The Viking Book of Poetry of the English-Speaking World

Ed. by Richard AldingtonVIKING
MR. ALDINGTON’S new anthology will at once attract the enthusiast for such collections, which have multiplied since the years of the Greek Anthology. He has been wise in including a full measure of indispensable pieces such as Spenser’s ‘ Prothalamion ‘ and ‘ Epithalamion,’ Gray’s ‘Elegy,’ with some extra stanzas for good measure, Arnold’s ‘Dover Beach,’ Frost’s ‘Mending Wall,’ and scores of other poems the omission of which would have been merely a sign of eccentricity. To these he has added many others which on new acquaintance take their place among the older favorites. And Mr. Aldington’s personal preferences will provide much stimulation to applause or disagreement.
On the other hand, the book would be of small use in the classroom. Mr. Aldington has devised a system of what he calls ‘token’ representation, the object of which is to supply a little sample of certain periods or poets as an historical acknowledgment that they existed. Thus, as a ‘token’ that there was an Anglo-Saxon poetry, he includes one short selection from ‘Beowulf’ — not very enlightening to anyone who had no knowledge of the rest of the poem or of the age. It would have been better to print one fine AngloSaxon lyric in its entirety. We should then have at least one complete work of art from a period covering centuries. Turning to the present, John Masefield, Amy Lowell, and E. A. Robinson receive two pages apiece as compared with D. H. Lawrence’s six pages. Does this mean that Lawrence is three times as important as any one of the others, or that Lowell, Robinson, and Masefield are represented by ‘tokens’ to indicate that they existed at all ?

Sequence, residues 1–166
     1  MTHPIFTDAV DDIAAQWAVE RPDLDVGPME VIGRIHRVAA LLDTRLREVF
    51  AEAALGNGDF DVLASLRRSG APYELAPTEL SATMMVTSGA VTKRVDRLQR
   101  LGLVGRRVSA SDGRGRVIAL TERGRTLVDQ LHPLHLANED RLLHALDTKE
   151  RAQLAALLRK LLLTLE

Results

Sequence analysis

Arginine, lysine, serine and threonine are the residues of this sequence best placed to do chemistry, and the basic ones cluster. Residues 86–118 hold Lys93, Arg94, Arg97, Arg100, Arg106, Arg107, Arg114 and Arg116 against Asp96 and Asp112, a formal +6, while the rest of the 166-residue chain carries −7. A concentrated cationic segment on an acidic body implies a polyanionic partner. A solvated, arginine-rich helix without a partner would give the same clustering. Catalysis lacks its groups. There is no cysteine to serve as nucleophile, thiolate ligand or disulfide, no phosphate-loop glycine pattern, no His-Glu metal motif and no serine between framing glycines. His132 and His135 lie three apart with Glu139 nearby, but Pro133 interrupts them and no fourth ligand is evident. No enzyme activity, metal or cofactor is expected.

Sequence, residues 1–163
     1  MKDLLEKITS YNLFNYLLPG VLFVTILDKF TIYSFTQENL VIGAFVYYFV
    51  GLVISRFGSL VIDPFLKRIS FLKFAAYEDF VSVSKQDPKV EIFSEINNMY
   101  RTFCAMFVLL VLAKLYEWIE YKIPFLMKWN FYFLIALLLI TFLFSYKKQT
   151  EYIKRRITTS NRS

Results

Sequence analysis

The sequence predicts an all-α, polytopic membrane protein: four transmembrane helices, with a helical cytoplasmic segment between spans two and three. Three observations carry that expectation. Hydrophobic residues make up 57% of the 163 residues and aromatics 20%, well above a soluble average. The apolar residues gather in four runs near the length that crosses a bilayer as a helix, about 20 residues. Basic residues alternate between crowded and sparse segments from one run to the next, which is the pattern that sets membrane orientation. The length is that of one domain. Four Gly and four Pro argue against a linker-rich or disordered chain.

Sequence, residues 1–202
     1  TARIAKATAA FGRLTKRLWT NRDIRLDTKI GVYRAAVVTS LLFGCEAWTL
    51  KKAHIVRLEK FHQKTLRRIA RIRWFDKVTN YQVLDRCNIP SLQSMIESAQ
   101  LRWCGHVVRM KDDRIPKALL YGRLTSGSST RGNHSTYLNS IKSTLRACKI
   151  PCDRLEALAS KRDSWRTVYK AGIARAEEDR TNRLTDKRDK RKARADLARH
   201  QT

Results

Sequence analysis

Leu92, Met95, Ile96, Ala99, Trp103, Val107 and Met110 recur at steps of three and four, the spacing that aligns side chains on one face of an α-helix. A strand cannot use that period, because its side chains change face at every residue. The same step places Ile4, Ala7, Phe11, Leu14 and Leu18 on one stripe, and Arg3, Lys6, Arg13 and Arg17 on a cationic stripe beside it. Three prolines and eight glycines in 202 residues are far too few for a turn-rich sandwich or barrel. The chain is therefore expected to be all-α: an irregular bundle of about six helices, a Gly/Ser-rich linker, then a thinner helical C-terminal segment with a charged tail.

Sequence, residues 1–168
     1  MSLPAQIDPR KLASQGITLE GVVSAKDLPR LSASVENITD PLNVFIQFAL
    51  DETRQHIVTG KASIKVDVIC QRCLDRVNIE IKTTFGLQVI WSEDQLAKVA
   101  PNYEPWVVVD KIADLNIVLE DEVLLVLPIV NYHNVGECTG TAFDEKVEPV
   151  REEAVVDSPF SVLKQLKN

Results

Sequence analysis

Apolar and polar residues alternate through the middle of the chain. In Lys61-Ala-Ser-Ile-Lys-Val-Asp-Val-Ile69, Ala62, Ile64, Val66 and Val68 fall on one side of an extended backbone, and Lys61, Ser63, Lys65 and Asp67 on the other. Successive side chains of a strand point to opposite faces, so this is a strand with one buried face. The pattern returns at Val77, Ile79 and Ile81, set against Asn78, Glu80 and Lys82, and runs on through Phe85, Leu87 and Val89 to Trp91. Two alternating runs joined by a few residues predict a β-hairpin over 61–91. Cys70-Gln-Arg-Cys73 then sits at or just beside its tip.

Other eccentricities besides disproportion would mislead a student, however much they may interest the informed reader. For example, sixteen stanzas are cut from the middle of a passage by Sir John Davies without any indication of a cut and the title of the selection is wrong. Peele’s magnificent ‘His golden locks Time has to silver turned’ becomes almost meaningless because of the omission of all reference to the personage to whom it was addressed or the occasion for which it was written. As for the modern period, Mr. Aldington gives an elaborate explanation of his method for dealing with that, which involves ' tokens,’ his desire to avoid a strictly ‘ European ‘ outlook and do his best by America and the Dominions, and to convince the American reader that American poetry is being treated as kindly as possible. All this may explain why the modern section is a hodgepodge, but does not alter the fact that it is a hodgepodge.
The idiosyncrasies that make the book unsuitable as a school or college text should the more endear it, by reason of its controversial possibilities, to the connoisseur of anthologies. Here is one that will never have the smell of chalk on it, and will therefore be the more welcome on the casual shelf. R. s. H.